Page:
Arts University Bournemouth [AUB]    Ocean Room Theatre, Pavilion Dance South West, Bournemouth

  Caroline Burr    18 February  2023

Watching an AUB production is always an interesting experience, as I find they explore important themes, which are often edgy and thought provoking. This play – Road by Jim Cartwright – is no exception.

Set in an impoverished Northern working-class area in 1986 during the Thatcher administration, it depicts a road where the audience are invited to examine the lives of the occupants of the various houses. This was a time of high unemployment, so the play attempts to convey the despair and hopelessness felt by the various characters through a series of vignettes and monologues. This presents a lot of challenges for both actors and the director.

The gritty themes of the play need to be contrasted with humour to avoid a dismal couple of hours for the audience, and although there is great deal of humour in the play, it was not brought out strongly enough in this production. For instance, the scene where a young woman tries to seduce a soldier could be hilarious, but it came across as very sad and desperate. However, there was a nice touch when the pub was renamed from Bell Inn to the Bell End!

There were bold attempts to immerse the audience, including the narrator Scullery attempting to lead a sing along, but none of them really worked for me. This production was staged in traverse with the audience on two sides. However, this presented some problems to the actors who sometimes found themselves with their backs to half the audience and meant that many scenes were played in profile to overcome this. An area above the raked seating on one side was also used, but this meant that audience members had to look behind them or miss the action.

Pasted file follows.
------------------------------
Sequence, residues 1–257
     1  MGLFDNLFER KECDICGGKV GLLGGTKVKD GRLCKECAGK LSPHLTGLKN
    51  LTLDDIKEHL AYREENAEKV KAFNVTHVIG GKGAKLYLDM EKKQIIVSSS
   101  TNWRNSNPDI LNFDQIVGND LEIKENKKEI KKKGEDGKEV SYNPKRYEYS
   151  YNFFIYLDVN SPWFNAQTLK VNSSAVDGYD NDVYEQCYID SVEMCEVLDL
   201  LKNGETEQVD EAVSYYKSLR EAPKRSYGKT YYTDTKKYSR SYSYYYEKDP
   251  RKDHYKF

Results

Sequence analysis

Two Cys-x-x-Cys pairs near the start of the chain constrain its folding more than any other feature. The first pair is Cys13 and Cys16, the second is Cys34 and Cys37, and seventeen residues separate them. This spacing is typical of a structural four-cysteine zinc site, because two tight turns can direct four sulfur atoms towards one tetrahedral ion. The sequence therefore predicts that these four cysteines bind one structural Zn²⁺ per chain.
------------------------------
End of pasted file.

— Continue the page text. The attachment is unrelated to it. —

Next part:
Several of the monologues were very well delivered, notably the abused wife Valerie played by Nora Dahlqvist and Brandon Rabie as the old timer reminiscing about holidays in Blackpool. He looked decades older than he is, which was a tribute to the make-up team, but I felt that the standout performance was by Jake Draper as Skin Lad. He was totally believable as the violent, fitness fanatic who turns to Buddhism. He had so much energy and aggression, but also used light and shade to good effect. This was a powerful performance and Jake has great stage presence.

The cast made a good stab at Northern accents, but this along with some very quietly spoken sections made the dialogue hard to follow at times. However, the nightclub scene worked well in Act 1. It was very well choreographed and enhanced by the excellent lighting design and choice of music. The costumes and make-up were also very good – puff ball dresses and pink eye shadow – I remember it well! A couple of small points – some of the wigs needed to be of better quality, as they detracted from, rather than enhanced the 80s’ look, and Valerie’s bruises needed to be more convincing.

Strong performances were also evident in the last scene with all four actors switching from a drunken after party to sharing their inner feelings about the bleak lives they lead, all of them doing justice to the powerful monologues. I particularly liked the contrast between the two girls, one who copes by being feisty, whilst the other seems to try to enjoy the small things in life.

This meant that the play ended on a very poignant note indeed.

I felt that the confidence of the actors and the scenes grew stronger as the play progressed. This is a very difficult piece to pull off, and AUB should feel proud that they met many of the challenges. We were supposed to feel uncomfortable, and we did, so the objectives of the playwright and director David O’Shea were achieved, and this made for a lively discussion after the show!